Tunisia Eyes 5G in 2021
Tunisia's telecoms regulator has launched a feasibility study of 5G and the country's minister for telecoms has said licences suitable for the next generation of mobile broadband services could be awarded in 2021.
When opening the recent Regional Forum on Emerging Technologies in Tunis, jointly organised with the ITU, Lassaad Hamzaoui, the president of Tunisia's telecom regulator (Instance Nationale des Télécommunications, INTT), announced that his office has commissioned a study in 5G, reported ITWeb Africa.
The study will analyse the opportunities as well as technological and economic implications of 5G, to help Tunisia keep pace with the 5G development in the regional and global markets. The tender for the research project was first published at the beginning of March and concluded at the beginning of April. The winner was not publicly announced.
5G has also gained support from the government. Anouar Maarouf, the minister of Communication Technologies and Digital Economy (le Ministère des Technologies de la Communication et de l'Economie Numérique), said at a workshop on 5G and Innovation in December last year that 5G licences could be awarded in 2021 if the technologies should be ready. His department, through Taoufik Rojbi, the Director General of the National Frequencies Agency (Agence Nationale Des Fréquences), also announced at the same workshop that the licence fees will be spread out over a number of years, to alleviate the financial pressure on operators that aspire to launch 5G in the country, reported allAfrica.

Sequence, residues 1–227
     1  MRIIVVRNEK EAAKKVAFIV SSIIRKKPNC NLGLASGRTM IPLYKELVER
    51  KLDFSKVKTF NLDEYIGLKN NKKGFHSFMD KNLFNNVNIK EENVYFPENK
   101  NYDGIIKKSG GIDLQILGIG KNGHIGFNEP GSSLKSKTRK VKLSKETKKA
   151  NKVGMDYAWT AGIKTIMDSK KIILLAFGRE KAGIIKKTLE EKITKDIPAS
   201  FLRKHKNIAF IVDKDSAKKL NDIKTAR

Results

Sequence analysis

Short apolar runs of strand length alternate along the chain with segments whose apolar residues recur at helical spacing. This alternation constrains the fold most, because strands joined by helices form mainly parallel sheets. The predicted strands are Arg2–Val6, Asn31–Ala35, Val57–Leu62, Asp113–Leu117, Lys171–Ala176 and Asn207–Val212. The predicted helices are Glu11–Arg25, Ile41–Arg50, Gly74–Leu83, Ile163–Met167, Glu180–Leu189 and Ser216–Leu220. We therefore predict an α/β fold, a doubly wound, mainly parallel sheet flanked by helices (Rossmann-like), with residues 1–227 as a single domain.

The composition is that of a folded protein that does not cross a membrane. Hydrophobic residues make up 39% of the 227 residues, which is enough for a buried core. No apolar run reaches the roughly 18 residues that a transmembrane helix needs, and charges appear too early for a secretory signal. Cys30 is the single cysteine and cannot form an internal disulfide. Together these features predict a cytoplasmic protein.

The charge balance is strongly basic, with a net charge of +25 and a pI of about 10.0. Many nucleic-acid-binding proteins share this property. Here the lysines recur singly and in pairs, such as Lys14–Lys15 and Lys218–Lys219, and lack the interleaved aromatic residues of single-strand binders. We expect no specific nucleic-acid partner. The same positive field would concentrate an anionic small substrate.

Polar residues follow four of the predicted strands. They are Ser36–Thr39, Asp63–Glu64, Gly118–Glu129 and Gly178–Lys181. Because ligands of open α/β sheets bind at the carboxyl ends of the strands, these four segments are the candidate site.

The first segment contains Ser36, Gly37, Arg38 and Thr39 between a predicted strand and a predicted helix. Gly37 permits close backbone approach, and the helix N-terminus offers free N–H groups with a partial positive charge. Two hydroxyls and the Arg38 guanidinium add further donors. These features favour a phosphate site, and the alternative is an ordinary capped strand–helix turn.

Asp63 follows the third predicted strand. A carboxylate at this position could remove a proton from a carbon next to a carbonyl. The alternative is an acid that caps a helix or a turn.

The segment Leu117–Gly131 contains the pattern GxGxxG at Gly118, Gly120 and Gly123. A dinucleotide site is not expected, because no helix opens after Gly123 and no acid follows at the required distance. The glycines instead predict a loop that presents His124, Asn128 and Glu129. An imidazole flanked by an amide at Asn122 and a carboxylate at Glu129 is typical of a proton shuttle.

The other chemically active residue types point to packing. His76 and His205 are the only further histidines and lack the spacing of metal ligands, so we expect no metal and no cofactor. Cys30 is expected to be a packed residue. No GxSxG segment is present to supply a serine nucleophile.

Tunisia has one of the best 4G networks in Africa, only bettered by South Africa in the highest uploading and downloading speeds among the African countries, according to a study by OpenSignal. (See Africa's 4G Experience Varies Wildly, Finds OpenSignal.)
Recently, Tunisia's ambition to become a local hub for innovation was bolstered by Orange’s decision to land its first African 'Orange Digital Centre' in Tunis. (See 'Orange Digital Center' Launches in Tunisia.)
On the other hand, Tunisia, together with Egypt, Niger and São Tomé and Príncipe, has been identified by the GSMA as the countries that have charged high spectrum fees relative to the national income level. Therefore, the decision to spread out 5G licence payment will help. (See GSMA on the Impact of Spectrum License Fees: Is It Really That Simple?)
— Wei Shi, Site Editor, Connecting Africa